PURPLE: The big dark finish on the lower case s makes the triangle even smaller and makes less room for white space to get in. Consider making it more open, and maybe try to match the style to the uppercase S serif (beak serif) or the r (no serif).

GREEN: I think the italic s is one of the hardest letters to draw. Usually it is the last italic letter I do. Your italic s feels a little rotated to me. I think giving the spine more of the shape below, will help.

Last thing: This is all my opinion. You are obviously talented, and have made many good choices without us ... so don't forget your design ideas because of our suggestions.


wow! great stuff randy! i'm gonna start sending all my stuff to you for professional critiques... if i can afford your services. >^p

Not so fast Paul, I was about to resume my vow of silence for another 12 months :-)


I like this. Its proportions look ideal for pairing with any of the plethora of semi-condensed info sans designs that have appeared lately. Contrast, weight, proportions, relationship between Roman and Italic and variety of shape are all working nicely here.

I agree with Randy about the terminals and angles in s and S. Run through all your alphabetic characters and assess whether the serifs are the right length. This design seems right with long serifs, but some of them are sticking out, in a visual sense.

I also agree about the angle of the entry strokes on the italic. with such flat intro serifs, the italic seems a little like it's tipping, and there's nothing else about the italic shapes that gives that effect.

I also agree about the tail of R. It looks a little pasted on. This is the one thing I think is weak about Maiola as well. Given the variety of serif and terminal shapes you've used, it should be easy to find the right shape for this tail. This is also a feature that lends itself to a lot more experimentation and variety than even the terminals on S. Try a lot of different things; a knife point, flat feet, a tiny spur on the left, curved serif, taper going the other way, bent leg, bent leg the other way..... This is the fun part, don't miss out!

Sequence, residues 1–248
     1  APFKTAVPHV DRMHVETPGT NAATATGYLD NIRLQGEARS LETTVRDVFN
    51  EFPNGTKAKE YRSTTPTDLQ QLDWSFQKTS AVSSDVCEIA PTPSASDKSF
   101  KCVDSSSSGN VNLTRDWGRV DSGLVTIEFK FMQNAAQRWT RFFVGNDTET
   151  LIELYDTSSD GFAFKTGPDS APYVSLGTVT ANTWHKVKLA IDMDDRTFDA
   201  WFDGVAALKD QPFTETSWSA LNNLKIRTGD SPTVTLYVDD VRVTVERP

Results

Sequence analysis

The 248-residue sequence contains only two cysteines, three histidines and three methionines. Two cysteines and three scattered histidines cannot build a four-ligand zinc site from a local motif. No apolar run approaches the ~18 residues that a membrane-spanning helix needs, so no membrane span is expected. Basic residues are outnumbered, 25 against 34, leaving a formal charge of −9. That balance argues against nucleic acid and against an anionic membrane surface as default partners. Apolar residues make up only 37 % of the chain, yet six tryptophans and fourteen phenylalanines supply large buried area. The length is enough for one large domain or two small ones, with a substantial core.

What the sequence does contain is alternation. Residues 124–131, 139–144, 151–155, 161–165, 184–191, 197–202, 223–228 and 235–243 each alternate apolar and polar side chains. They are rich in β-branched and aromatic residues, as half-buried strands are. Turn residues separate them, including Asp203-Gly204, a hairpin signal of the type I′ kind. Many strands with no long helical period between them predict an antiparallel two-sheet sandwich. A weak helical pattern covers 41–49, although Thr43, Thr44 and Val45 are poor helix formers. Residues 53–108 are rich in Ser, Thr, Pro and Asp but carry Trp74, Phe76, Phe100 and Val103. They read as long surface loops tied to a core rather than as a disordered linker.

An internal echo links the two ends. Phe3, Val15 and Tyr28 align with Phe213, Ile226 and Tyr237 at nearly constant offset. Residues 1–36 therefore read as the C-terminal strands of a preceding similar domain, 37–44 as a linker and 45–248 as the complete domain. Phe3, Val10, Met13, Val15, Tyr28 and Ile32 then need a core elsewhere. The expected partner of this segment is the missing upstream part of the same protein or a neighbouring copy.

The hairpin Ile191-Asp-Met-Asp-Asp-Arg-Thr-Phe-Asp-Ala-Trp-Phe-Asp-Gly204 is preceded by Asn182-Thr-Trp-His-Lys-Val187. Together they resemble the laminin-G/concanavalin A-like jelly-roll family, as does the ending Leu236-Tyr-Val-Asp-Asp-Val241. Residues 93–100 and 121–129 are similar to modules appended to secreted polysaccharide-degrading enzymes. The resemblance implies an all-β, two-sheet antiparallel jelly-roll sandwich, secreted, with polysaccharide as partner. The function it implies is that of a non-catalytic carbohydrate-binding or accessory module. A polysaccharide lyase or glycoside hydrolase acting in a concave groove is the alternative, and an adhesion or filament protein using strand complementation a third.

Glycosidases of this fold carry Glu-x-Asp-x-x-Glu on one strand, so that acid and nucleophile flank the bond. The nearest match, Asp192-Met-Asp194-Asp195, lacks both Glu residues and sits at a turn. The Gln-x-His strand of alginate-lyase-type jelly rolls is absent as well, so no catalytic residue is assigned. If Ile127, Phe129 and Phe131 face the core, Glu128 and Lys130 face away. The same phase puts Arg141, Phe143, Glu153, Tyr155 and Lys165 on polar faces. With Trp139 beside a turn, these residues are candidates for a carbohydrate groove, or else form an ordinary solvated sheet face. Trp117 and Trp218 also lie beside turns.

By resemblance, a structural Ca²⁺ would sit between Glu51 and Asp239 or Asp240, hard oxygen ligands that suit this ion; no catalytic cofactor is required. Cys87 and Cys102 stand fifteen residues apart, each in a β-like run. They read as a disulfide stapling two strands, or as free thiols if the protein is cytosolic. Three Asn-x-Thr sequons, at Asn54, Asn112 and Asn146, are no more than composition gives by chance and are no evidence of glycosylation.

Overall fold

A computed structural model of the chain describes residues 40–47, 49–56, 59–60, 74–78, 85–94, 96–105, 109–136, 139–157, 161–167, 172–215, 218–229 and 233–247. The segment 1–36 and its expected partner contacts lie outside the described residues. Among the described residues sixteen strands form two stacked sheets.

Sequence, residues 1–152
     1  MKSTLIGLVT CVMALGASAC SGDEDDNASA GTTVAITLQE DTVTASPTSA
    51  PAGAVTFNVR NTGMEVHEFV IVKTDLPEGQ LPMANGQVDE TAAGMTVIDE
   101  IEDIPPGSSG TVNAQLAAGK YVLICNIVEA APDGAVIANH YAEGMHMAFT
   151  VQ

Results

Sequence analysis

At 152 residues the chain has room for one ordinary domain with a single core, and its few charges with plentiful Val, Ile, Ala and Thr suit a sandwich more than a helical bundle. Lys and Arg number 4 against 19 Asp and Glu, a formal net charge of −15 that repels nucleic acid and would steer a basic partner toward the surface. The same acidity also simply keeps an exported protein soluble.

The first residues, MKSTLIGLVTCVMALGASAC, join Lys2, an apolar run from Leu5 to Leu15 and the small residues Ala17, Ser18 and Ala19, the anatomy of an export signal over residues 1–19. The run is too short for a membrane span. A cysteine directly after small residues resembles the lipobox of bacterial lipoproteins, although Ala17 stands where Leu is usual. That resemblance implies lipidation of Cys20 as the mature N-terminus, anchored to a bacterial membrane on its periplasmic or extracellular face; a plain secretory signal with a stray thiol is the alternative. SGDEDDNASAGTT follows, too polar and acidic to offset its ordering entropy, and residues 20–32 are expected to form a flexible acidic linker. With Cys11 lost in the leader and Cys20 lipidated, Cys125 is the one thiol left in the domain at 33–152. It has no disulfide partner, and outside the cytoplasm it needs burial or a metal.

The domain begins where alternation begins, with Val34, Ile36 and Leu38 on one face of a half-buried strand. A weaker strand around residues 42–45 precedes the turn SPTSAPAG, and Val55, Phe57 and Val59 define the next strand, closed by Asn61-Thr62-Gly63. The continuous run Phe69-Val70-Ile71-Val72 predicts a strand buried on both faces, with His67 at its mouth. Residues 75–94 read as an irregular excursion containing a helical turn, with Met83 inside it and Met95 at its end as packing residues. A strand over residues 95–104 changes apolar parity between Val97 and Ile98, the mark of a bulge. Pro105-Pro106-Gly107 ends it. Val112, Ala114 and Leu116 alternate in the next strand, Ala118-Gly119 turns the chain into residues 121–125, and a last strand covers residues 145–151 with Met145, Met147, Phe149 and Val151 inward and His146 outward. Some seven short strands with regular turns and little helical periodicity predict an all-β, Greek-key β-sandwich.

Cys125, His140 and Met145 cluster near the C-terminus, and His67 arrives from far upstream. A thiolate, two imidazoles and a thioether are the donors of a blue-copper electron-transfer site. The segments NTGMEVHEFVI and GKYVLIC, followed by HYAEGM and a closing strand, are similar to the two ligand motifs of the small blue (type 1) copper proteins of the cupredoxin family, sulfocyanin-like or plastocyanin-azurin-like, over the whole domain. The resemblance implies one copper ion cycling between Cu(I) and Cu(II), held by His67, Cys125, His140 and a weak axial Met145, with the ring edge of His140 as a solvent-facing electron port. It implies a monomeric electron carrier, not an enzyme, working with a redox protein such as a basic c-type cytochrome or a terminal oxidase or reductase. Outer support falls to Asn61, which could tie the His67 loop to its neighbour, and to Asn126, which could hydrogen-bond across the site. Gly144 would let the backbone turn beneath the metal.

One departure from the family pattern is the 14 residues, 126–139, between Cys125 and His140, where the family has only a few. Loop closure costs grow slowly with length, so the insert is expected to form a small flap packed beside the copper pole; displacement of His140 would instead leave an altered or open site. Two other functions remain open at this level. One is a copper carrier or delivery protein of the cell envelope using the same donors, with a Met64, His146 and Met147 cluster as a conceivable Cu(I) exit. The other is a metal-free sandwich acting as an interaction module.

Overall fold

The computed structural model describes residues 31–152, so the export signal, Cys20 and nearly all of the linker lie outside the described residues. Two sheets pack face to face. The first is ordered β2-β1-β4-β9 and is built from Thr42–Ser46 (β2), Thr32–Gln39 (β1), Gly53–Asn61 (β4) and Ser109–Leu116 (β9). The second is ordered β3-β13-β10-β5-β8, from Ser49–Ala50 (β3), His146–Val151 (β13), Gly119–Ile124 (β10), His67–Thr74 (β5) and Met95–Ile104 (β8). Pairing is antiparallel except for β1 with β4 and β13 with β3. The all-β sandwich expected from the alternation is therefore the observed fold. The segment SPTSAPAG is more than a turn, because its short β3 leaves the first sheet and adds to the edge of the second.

Consider tapering the vertical thin stems of N as well. There is a lot of very effective tapering elsewhere, and the N looks a little bland by contrast.

Yes, also to strengthening middle joints of MWw. I also think you should consider reversing the taper on one or both stems of u.

I don't agree with William about the asymmetrical serifs. In text they behave nicely.

One thing I think you should reconsider: The extreme ink traps in the italic adqu. They are actually weakening the visual weight of the main stems. Please go to a bookstore and look at various types as printed in magazines and books. Modern printing (even newspapers to some degree) is very very faithful to the original art and type, and ink traps of this size will still be apparent down to about 10 point. Given a choice between a little potential clotting at joints (of very few letters) and stems that seem to be breaking off, I'd go with the former. In text, this design is very lively and will not be muddied by the lack of ink traps; the sinuous stems, pronounced serifs, distinctive angled counters, and the rich color mean this design will stand up to photocopying, projection, printing in reverse, and all kinds of other harsh conditions. Don't make it fit just one, increasingly rare printing scenario, when the typeface will be so generally useful otherwise.